He’d read books in English. He’d ask questions. And still does all of these things.
Why? Because he cares.
We live in France — Tom doesn’t have to have any level of English for his daily life or job. His English was “fine” before. But for him, his English wasn’t cutting it and he worked like crazy to improve himself. I’m SO proud of him.
So no matter your age or current level in a foreign language, you can become fluent. Will it happen in a year? Who knows… but you can start today.
Tell me, how has learning a foreign language been for you?
I definitely came here with the attitude that picking it up would come easily, and it did for a while. But I kind of hit a plateau with just ‘picking it up’ it’s good for the basics but only goes so far. We also live in a teeny tiny town and I didn’t realize just how much that would affect my learning either, I don’t get the chance to do much exploring/going out on my own, so I began to rely on my husband speaking for me way too often. I always told myself “oh I’ll do these things for myself whenever I feel more comfortable with the language” ….which never happened because you can’t get comfortable speaking a language if you don’t ever speak! lol
What you say about a plateau is SO TRUE, Megan. It’s great to get to a nice conversational level where you feel somewhat confident but then realize dammit I don’t know that conjugation or tense or what the heck that guy is talking about. Living in a smallish town doesn’t help either. I relied on Tom a lot too and the fact that he speaks English so well doesn’t help my French (I am lazy too, I admit it!). But just hang in there… hope all is well! (did you ever start a new blog??)
Also another big part is not being afraid to tell the person you’re speaking with that you don’t understand. For the longest time I would just nod my head and pretend I understood, I’ve finally gotten to the point where it doesn’t bother me as much so stop and say “I’m sorry I don’t know that word yet” and having somebody explain it in French really helps to remember it, as opposed to just asking my husband and him explaining in English. And I haven’t started a new blog, but I’m renaming my current one soon and will be blogging about our last few months here before we return to the US(so many mixed emotions!), and once we’re stateside also 🙂
Yah, I told myself a long time ago to just “get over it,” with “it” being feeling stupid/embarrassed/ashamed for not knowing a word or being better at French (I’m really hard on myself). So I naturally tell the person I didn’t get it and make a joke and no one has ever laughed at me! But I agree it’s hard when we have these damn husbands that speak English so well 😉
Ze Coach says
My father is Vietnamese and he came to France 45 years ago. After so many years I always wondered how come he still kept a strong accent. I moved to the US and after 3 years, I now understand that it’s not that easy…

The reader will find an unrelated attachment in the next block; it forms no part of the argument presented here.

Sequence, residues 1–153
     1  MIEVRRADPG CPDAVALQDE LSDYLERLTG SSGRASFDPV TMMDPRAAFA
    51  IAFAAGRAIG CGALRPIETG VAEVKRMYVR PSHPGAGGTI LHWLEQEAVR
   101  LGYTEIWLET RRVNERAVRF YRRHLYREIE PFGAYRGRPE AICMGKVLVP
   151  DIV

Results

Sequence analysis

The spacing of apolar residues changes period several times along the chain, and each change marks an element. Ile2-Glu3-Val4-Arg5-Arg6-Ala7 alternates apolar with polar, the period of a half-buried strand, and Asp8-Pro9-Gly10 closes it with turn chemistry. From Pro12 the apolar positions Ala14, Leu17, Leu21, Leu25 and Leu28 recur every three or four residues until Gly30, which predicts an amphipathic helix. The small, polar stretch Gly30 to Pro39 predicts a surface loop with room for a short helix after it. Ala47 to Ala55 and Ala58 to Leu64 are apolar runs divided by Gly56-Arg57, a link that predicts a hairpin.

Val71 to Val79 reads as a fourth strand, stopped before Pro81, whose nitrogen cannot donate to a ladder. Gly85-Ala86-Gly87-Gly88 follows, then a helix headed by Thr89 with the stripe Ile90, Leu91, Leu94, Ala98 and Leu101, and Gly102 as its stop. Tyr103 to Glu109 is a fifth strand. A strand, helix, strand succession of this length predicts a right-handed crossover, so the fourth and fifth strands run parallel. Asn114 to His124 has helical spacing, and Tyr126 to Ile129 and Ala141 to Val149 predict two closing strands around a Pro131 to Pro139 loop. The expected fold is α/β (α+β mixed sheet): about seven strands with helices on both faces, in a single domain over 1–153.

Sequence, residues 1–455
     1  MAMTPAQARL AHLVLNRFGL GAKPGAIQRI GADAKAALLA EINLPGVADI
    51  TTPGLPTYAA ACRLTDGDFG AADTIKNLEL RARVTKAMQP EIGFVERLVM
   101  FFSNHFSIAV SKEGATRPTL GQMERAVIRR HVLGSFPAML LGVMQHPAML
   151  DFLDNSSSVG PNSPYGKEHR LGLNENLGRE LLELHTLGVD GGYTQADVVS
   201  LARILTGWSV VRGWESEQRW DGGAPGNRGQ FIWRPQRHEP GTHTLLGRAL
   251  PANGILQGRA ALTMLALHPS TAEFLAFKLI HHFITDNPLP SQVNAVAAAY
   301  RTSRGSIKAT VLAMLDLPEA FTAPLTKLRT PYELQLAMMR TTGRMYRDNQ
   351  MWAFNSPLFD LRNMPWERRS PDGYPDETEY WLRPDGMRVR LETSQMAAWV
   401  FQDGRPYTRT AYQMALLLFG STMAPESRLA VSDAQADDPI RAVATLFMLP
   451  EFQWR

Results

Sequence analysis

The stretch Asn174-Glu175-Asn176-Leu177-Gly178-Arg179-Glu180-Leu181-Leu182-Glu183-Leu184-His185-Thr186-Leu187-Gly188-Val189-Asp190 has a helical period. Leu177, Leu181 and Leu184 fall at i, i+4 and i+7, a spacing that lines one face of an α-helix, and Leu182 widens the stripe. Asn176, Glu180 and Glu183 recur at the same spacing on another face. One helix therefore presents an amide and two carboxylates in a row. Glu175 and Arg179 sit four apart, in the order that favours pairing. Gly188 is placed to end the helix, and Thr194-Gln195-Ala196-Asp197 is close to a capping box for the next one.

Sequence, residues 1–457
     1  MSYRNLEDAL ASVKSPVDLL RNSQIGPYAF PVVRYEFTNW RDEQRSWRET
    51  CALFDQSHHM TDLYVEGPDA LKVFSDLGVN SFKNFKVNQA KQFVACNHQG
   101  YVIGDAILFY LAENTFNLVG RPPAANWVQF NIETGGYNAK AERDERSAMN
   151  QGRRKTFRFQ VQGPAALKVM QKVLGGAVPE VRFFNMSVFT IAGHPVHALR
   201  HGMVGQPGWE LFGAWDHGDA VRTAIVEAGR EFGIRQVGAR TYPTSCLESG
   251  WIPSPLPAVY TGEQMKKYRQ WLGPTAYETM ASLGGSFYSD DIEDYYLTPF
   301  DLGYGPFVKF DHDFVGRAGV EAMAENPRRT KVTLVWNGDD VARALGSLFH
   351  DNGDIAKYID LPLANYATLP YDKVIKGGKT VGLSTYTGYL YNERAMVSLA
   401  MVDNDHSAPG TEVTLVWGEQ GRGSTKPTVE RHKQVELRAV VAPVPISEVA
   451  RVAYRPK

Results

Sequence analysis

My kids picked up pretty fast in English. Now they make fun of my accent… 🙂
I thought I would improve much more but It’s like I’ve reached my top in English.
Hi there! I didn’t focus much on accents in this post because I think you can be 100% fluent in a language and still keep a strong accent. My boy George Eddy (watching Pro A basketball on TV and I love when he’s the commentator) has a HUGE accent but he speaks 100% correctly. And you can also have a huge accent and make tons of mistakes and still have a lot of trouble. It’s not easy at all! I love how kids can pick up languages much easier than those of us with our old brains lol.
Like Megan who commented before you, I think reaching a plateau in a language is a very real thing — where you reach a certain point and the improvements just stop. I think we can both get there, though, with some dedication and perseverance. From what I can tell, you do very well in English! Have a great weekend!
Karine N says
I have been one of those passive readers of your blog for a while now but today I’ve decided to dive in 🙂
I’m kind of your mirror image: French girl married to a British guy living in the UK.
In our experience, both motivation and the ability to immerse ourselves in the language were key, unfortunately with opposite results. When I moved to the UK I had been learning English
for 7 years and assumed I was pretty good. How wrong was I! I relied on a French friend to take part in conversations and was told I spoke like “a bulldog chewing a wasp”!! But I loved the country and was determined to stay. Working, meeting people from various countries and counties (British accents vary wildly), using various media helped me build up my confidence and I would say that, yes, it took me about a year to feel really comfortable.